“Bilingual” didn’t used to be as cut-and-dry as it is today in America. Whereas Americans in the 18th, 19th, and early 20th centuries often spoke German, Dutch, Italian, or French in addition to English, nowadays if someone is bilingual, it usually means that they speak English and Spanish. When legislators and education agencies talk about bilingual education, they are almost always referring to educating Mexican immigrants in a combination of Spanish and English.
In 1967, the Bilingual Education Act was introduced to the United States Senate by Ralph Yarborough of Texas. The Act passed in 1968 and recommended the teaching of Spanish as a native language, English being taught as a second language, and programs designed to give Spanish-speaking students an appreciation of their ancestral heritage.
In 1973, Governor Dolph Briscoe signed the Bilingual Education and Training Act into Texas law. The law mandated all elementary public schools with 20 or more enrolled children of limited English ability in a given grade level provide bilingual education. Prior to this, English was the only language allowed in Texas public schools. Children who spoke Spanish in classrooms were often punished. Despite the mandate for school districts to provide bilingual classrooms, state funding for the endeavor was lacking. This letter from the Fort Worth Independent School District to Representative Lanny Hall asks for the state to find funds to help support their bilingual programs.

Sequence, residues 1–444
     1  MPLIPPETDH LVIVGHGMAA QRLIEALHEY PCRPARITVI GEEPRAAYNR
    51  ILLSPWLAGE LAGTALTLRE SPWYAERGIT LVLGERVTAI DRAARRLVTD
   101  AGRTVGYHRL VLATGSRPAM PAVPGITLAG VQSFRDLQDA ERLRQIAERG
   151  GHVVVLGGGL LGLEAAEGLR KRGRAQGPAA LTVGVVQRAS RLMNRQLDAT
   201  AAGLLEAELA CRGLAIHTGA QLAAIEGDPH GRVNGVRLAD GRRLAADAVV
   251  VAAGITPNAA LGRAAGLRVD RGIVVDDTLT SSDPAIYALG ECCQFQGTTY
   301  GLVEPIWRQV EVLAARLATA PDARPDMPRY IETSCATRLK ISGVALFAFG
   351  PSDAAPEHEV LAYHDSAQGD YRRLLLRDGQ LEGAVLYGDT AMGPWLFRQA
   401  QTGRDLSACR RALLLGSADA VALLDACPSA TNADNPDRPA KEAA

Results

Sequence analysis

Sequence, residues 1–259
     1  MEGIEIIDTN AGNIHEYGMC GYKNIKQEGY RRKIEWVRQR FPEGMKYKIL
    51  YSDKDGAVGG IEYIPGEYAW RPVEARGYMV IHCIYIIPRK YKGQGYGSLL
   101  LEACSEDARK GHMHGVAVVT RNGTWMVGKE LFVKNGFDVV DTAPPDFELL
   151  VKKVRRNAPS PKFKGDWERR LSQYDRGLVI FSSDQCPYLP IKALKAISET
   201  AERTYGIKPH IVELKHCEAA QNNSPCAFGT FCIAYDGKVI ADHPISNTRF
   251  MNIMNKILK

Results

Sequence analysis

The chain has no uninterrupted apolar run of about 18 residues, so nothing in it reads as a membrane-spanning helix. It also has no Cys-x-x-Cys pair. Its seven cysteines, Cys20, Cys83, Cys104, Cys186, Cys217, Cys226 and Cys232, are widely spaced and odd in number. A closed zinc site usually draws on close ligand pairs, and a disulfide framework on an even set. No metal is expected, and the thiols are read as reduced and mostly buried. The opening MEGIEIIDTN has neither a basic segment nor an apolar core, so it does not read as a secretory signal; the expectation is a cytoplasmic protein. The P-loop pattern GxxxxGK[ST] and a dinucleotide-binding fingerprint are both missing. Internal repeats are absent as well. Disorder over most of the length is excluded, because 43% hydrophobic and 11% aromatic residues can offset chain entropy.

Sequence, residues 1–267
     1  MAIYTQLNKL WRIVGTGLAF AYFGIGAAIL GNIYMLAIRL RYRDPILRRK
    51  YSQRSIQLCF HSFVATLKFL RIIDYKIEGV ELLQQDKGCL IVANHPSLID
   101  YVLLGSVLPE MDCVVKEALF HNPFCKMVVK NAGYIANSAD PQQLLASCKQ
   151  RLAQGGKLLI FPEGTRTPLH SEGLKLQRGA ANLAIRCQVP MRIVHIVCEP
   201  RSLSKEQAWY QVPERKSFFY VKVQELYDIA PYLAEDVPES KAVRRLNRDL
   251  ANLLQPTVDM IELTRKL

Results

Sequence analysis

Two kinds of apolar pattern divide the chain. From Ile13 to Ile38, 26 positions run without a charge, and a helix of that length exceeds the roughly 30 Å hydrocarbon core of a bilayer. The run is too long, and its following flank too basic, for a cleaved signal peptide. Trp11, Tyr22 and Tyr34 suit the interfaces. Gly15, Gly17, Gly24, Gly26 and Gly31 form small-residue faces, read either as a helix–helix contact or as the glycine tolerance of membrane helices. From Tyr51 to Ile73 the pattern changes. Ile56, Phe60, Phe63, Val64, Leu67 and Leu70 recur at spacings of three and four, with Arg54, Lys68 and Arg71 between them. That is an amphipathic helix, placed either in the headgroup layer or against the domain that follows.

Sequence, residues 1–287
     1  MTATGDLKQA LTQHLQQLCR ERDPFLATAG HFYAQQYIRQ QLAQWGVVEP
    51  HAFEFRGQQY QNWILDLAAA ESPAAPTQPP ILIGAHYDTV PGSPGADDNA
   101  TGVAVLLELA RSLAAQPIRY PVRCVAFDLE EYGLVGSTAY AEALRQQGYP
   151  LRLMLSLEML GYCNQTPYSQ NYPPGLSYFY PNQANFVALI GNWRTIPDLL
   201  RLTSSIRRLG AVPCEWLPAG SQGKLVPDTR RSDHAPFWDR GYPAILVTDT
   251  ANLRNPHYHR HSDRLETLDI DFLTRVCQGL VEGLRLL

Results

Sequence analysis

One of the biggest problems in getting the law into action was the lack of teachers who were qualified to teach bilingually. As a result, bilingual teacher education programs sprung up all across the state. A description of requirements for a bilingual education endorsement at the University of Texas at Arlington is pictured. When over a quarter of school-aged children return home after school to a Spanish-speaking household, programs like these have been declared vital for student success.
Much more information about the Bilingual Education and Training Act can be found in the Lanny Hall collection, which also contains records pertaining to subjects such as public education, tuition rates and funding for colleges and universities, equal rights and LGBT issues, transportation, and health topics.